It was a good win. The best they’ve had this year, in fact. Certainly the most lopsided on the scoreboard.
But in their victory over the 0-3 Buccaneers, the Patriots demonstrated just how far they have to go to get their passing game back to something resembling what it was a season ago.
Certainly that falls on the development of the rookie receivers, and the return of Rob Gronkowski and Danny Amendola will obviously be important factors. In the meantime, the defense has limited three (admittedly terrible) offenses to just three touchdowns in as many games.
But ultimately the Patriots are only going as far as Tom Brady can take them. He is their best player playing the most important position, and his ability to weather the incredible roster turnover around him will do more for the fortunes of this team than anything else.
And so, after training camp, a full preseason schedule, two regular season games and 10 days off to prepare, … Brady was terrible.
Okay, perhaps ‘terrible’ is a strong word. New England is, after all, still 3-0 and it’s an impressive feat to be able to use regular season games to learn how to play together and win in the process. But at times, Tom Terrific looked as lost as some of his young receivers Sunday, with a number of poor throws, late decisions and missed opportunities.
Let’s take a look at some examples in this week’s film breakdown.
Q1 14:31 … 1st and 10 at NE 32
Brady connects with Brandon Bolden for a quick 12-yard gain on the first play of the game and the Pats’ appear to be rolling.
But on the following play, Brady misses an easy throw to Josh Boyce (circled) on an out-route. Boyce likely ran farther up the field than Brady expected before breaking toward the sideline.
It likely would only have picked up three or four yards but that proved the difference. Julian Edelman picked up eight yards on the next play but with the incompletion to Boyce, the Pats were two yards short of a first down. On 3rd and 2 Brady got sacked and what easily could have been 2nd and long was now 4th down and the Pats had to punt.
Q1 1:32 … 2nd and 18 at NE 10
On this play Brady never looks at the left side of the field and misses an opportunity for a huge gain. Bolden (circled) is split wide left and runs a simple go-route, straight down the field.
The Bucs have two deep safeties so the cornerback covering Bolden lets him run by in order to step up and cover Aaron Dobson (also circled) underneath.
The thing is, no one picks up Bolden deep. Brady double clutches and steps up in the pocket but still doesn’t looked to his left. By now both Dobson and Bolden are wide open but Brady continues to stare down Kenbrell Thompkins (in rectangle below) and eventually tries to fire one to him despite being covered. Pass incomplete.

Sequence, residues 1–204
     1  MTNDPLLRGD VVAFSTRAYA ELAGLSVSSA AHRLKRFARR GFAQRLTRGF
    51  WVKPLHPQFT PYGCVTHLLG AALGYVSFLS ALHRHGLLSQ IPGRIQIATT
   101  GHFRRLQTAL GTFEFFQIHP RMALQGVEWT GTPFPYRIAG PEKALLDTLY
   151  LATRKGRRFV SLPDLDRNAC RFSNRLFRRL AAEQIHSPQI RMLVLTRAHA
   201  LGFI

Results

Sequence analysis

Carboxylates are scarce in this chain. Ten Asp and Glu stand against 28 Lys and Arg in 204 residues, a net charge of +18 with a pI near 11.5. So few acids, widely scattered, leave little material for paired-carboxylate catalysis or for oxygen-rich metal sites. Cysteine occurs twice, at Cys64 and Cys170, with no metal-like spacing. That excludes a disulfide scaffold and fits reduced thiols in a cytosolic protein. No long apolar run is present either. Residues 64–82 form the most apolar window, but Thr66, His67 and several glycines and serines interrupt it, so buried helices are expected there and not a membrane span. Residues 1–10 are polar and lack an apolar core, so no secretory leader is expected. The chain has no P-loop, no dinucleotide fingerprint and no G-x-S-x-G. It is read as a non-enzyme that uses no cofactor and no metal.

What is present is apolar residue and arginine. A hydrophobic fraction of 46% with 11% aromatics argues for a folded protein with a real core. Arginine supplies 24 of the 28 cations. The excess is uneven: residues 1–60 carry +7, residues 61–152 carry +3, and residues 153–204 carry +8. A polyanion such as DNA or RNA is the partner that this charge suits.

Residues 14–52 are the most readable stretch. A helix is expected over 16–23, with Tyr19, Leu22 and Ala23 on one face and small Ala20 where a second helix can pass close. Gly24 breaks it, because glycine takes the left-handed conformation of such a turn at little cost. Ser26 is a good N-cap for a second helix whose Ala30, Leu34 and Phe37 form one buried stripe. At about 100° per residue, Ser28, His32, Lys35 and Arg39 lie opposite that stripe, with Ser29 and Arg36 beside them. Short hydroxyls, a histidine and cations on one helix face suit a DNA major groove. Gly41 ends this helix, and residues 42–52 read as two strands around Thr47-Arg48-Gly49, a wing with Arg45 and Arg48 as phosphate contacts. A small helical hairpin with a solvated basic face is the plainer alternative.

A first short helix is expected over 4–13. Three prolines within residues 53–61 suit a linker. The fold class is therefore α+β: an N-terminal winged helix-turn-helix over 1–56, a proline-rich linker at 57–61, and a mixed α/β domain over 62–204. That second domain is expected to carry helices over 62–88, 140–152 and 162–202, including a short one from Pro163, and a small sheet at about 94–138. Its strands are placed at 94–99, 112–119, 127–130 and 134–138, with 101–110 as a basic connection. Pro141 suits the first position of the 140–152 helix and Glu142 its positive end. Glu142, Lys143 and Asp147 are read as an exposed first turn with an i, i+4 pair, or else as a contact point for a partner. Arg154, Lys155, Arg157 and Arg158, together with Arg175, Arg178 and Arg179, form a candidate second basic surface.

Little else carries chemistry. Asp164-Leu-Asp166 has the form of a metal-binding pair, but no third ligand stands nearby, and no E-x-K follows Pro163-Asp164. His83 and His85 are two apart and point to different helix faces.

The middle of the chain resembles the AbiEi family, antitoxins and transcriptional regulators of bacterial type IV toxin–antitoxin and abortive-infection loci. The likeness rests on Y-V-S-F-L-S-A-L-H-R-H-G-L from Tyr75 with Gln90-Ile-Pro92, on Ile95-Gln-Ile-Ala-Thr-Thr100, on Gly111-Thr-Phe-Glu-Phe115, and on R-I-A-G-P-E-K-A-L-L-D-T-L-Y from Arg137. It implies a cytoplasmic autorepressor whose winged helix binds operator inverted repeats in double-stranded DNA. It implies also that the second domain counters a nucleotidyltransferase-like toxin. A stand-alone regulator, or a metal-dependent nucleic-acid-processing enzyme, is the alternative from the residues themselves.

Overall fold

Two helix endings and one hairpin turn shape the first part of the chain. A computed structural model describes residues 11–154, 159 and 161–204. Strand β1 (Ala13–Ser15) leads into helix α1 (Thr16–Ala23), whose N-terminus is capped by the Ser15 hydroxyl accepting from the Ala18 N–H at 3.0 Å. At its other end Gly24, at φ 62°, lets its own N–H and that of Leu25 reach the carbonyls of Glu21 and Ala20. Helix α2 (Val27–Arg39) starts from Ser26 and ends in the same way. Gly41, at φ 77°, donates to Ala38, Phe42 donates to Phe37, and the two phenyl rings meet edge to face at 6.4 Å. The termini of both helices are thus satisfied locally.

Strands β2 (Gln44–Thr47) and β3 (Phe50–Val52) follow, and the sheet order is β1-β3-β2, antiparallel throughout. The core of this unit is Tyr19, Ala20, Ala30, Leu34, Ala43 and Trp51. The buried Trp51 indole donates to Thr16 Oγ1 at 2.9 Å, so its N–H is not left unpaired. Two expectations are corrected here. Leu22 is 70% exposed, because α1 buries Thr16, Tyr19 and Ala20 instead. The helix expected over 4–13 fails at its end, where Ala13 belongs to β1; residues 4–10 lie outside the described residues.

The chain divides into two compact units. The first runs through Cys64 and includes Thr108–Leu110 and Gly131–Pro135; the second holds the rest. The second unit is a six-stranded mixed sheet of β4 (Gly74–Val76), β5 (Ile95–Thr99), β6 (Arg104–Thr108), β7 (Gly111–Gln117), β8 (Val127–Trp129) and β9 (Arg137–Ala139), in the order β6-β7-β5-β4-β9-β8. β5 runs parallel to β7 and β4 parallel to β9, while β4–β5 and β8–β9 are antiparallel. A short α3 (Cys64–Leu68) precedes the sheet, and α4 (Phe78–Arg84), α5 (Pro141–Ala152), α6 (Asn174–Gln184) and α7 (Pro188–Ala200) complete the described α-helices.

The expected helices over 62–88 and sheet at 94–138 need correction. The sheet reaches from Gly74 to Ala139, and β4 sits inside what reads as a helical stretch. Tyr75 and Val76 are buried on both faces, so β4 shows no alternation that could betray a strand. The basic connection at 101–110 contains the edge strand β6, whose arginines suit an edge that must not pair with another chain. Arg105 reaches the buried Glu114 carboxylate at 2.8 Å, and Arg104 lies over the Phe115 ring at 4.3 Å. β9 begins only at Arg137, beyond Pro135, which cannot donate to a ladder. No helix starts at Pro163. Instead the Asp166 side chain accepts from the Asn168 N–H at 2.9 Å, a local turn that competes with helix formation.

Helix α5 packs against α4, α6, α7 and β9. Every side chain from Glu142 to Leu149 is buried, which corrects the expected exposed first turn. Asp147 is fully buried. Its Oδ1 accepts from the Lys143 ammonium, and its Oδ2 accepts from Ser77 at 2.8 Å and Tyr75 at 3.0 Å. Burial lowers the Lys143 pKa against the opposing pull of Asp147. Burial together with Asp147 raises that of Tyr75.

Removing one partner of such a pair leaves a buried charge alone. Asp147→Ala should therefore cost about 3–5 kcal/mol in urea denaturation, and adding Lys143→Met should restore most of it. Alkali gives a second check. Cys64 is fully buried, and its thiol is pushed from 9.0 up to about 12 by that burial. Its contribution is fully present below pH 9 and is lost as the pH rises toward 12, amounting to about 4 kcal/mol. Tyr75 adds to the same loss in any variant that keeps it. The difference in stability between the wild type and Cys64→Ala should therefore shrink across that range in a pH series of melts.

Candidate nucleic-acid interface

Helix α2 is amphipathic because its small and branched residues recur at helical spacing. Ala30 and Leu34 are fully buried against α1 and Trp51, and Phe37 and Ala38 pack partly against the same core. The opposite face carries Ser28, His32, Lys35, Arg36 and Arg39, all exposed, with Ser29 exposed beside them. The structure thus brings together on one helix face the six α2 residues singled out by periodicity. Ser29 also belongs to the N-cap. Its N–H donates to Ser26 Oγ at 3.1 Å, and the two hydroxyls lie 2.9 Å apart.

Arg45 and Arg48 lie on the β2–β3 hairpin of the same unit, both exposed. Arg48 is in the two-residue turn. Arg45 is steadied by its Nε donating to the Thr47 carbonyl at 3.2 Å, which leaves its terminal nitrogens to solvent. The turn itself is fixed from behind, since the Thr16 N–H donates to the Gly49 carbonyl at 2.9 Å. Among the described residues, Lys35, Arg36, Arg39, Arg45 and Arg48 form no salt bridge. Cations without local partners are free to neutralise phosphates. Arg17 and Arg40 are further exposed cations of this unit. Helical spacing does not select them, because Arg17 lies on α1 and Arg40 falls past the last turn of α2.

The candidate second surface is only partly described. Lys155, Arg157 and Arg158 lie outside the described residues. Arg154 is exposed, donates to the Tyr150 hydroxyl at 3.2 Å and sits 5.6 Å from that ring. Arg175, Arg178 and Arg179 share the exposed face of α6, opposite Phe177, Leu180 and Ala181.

Q2 11:16 … 1st and 10 at TB 45
This was perhaps the most egregious error Brady made all day.
The Pats run a play-action left to Stevan Ridley (circled) and Tampa Bay’s safeties bite hard.
So hard, in fact, that when safety Mark Barron realizes it’s a fake, he tries to put on the brakes so hard that he falls on his butt. Circled behind him, Julian Edelman and Kenbrell Thompkins are both WIDE open, waving their arms.
For some reason, Brady looks to Zach Sudfeld, seen below circled, in double coverage.
Not only does he not throw to two wide open guys who stroll into the end zone, but he completely overthrows Sudfeld (below, circled. Arrow shows the ball’s location.)
A better look at where the pass ends up…
Q2 3:16 … 2nd and 10 at 50
Brady bounces a wide-open pass to Thompkins (cricled) with no pass rush hurrying Brady. Look at the room Thompkins has to run if he catches this in stride.
But look at where the ball ends up…
If missing both Thompkins and Edelman for a touchdown was the biggest missed play by Brady, the following series on the Bucs’ 6 isn’t far behind.
Q3 10:12 … 1st and goal at TB 6
Play-action left to Ridley (circled) draws the defense toward the line of scrimmage. Notice Dobson (17) toward the bottom of the image.
Pre-ocupied with stopping the run, no one on defense picks up Dobson (circled, below), who finds himself wide-open in the end zone.
As he is about to get hit, Brady zips a pass too far ahead of Dobson, who lays out but can’t pull it in.
On the next play Thompkins drops an easy screen pass.
3rd and goal … ball on TB 6
Third play from the 6, Brady stares down Sudfeld (circled), who is double covered. Just as Brady prepares to throw, Julian Edelman comes open across the middle of the field, but Brady tries to force one into Sudfeld and is picked off by Barron.
The throw looked like Brady expected Sudfeld to keep coming across the field and was thrown high to let Sudfeld go up for it.